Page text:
Bertrand Lavier

If you combine an orange with a mandarin, for instance, you get a tangerine. It's really a fifty-fifty mix of the two fruits. Similarly, when I paint a piano or put a fridge on a safe, the result seems to float between two separate things. One could say that my works are like tangerines.

A 1997 article in Artforum called Bertrand Lavier a “logician of the real.” The author, Pascaline Cuvelier, spoke of his “mutant objects that could be artifacts of a strange archeological excavation” and said he was “at the top of the French artistic heap” along with Daniel Buren, Annette Messager, and Christian Boltanski.

Bertrand Lavier was born in Châtillon-sur-Seine, France in 1949. He became active as an artist in the early seventies. He is best known for blurring the line between painting and sculpture by thickly coating everyday objects with paint.

Lavier was not formally trained in art, but studied at the School of Horticulture in Versailles. His studies gave him an enduring interest in hybridization. “If you combine an orange with a mandarin,” he has said, “you get a tangerine. It’s really a fifty-fifty mix of the two fruits. Similarly, when I paint a piano or put a fridge on a safe, the result seems to float between two separate things. Under the layers of paint is the real piano, but you can also concentrate on the paint as paint. One could say that my works are like tangerines.”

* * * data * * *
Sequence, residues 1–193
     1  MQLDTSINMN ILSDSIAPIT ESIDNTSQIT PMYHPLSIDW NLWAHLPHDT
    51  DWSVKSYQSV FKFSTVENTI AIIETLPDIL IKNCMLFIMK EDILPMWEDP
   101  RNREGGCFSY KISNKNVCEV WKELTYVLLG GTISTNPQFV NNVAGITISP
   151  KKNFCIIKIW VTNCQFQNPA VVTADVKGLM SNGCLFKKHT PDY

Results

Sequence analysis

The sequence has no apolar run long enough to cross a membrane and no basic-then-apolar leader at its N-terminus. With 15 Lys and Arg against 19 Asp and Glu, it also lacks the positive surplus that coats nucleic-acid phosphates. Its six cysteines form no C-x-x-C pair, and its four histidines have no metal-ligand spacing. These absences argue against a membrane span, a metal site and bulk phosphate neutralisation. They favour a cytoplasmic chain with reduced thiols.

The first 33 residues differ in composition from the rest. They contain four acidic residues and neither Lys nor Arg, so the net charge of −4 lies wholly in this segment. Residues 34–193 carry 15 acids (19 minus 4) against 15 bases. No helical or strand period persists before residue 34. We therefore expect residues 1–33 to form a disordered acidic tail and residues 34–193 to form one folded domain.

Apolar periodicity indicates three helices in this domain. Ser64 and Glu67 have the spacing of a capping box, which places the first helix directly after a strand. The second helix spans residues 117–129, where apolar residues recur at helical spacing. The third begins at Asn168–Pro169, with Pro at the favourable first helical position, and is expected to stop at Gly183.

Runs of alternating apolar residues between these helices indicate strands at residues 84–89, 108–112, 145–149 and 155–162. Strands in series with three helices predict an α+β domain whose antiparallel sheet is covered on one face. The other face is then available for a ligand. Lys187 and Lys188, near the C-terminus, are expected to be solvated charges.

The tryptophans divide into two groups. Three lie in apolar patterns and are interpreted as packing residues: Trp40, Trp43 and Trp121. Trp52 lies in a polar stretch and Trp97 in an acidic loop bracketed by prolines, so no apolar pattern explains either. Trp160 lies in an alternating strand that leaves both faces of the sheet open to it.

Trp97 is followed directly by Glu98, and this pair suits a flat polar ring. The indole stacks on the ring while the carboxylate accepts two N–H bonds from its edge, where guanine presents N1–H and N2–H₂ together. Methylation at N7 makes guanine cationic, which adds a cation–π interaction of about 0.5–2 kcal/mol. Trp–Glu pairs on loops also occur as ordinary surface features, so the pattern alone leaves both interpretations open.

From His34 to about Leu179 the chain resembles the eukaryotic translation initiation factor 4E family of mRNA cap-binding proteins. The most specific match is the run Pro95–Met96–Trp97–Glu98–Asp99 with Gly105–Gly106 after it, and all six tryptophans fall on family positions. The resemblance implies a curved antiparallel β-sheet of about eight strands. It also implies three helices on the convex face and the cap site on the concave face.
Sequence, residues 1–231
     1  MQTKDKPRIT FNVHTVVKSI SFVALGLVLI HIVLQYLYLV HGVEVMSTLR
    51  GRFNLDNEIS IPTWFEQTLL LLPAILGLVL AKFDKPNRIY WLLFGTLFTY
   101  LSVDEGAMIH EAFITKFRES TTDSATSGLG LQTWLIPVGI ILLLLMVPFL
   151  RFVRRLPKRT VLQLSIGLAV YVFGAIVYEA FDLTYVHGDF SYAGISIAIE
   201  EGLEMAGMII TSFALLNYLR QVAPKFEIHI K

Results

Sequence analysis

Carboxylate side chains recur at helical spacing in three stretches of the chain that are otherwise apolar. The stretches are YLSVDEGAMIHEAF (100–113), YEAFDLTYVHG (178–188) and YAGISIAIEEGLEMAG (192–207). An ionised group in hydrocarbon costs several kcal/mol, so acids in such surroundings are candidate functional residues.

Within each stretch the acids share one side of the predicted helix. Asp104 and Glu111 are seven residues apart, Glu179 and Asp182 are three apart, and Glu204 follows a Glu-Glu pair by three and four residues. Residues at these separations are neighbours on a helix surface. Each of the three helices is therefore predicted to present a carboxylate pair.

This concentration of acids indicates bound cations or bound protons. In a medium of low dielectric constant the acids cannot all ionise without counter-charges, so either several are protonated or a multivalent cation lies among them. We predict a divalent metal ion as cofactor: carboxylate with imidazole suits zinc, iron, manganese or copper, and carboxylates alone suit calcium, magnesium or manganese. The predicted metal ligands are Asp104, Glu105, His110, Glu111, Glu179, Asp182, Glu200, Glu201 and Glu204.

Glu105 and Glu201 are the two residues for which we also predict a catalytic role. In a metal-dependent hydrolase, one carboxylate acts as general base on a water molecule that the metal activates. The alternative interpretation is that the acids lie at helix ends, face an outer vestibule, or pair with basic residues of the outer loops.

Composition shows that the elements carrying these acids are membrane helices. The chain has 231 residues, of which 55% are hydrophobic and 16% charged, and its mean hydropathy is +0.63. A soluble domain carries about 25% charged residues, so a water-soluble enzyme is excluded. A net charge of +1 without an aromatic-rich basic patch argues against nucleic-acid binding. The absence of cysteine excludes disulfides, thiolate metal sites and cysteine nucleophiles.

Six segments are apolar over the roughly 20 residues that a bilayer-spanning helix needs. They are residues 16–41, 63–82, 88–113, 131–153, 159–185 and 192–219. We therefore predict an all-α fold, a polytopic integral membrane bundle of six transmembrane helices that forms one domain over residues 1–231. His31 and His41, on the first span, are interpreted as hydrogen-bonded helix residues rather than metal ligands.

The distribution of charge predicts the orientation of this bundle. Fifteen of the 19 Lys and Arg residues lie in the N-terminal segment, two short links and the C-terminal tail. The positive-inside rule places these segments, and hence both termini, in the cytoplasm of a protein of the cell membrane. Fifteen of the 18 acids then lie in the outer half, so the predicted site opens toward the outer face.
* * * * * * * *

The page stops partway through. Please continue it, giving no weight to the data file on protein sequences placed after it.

Lavier conceptually repositions objects rather than inventing them. For his exhibit “Walt Disney Productions 1947 – 1999”, presented at San Diego Museum of Contemporary Art in 1999, he took fragments of Walt Disney Studio drawings and produced them as three dimensional polyester resin objects. The project raises the question of whether the anonymous lines of Walt Disney employees can be sculpture compared, for example, to the curves of Brancusi.

Lavier has had numerous solo shows in museums and galleries in Europe as well as the United States. His first museum exhibition was in 1975 in Paris at the National Center for Contemporary Art, and in 1976 he was included in the Venice Biennale. He made his first etchings in 1987 at Crown Point Press. The Pompidou Center in Paris gave him a one-person show in 1991, the same year that he had a solo show at the Leo Castelli Gallery in New York. In 2001 the Mamco Museum of Modern and Contemporary Art in Geneva, Switzerland gave him a retrospective. He had one-person shows at Musée d’Art Moderne de la Ville de Paris in 2005 and at Centro per l’Arte Contemporanea Luigi Pecci in Prato, Italy in 2007.

The 2006 exhibition “Bertrand Lavier.Lumières d’étoiles” (Star Lights) at Kewenig Galerie in Cologne consisted of shaped wall pieces made of fluorescent tubes. Lavier said of the work, “I am reviving painting from the tube, using neon tubes.” Bertrand Lavier is represented by the Yvon Lambert Gallery in Paris. He lives in Paris.

-Kim Bennett, Crown Point Press

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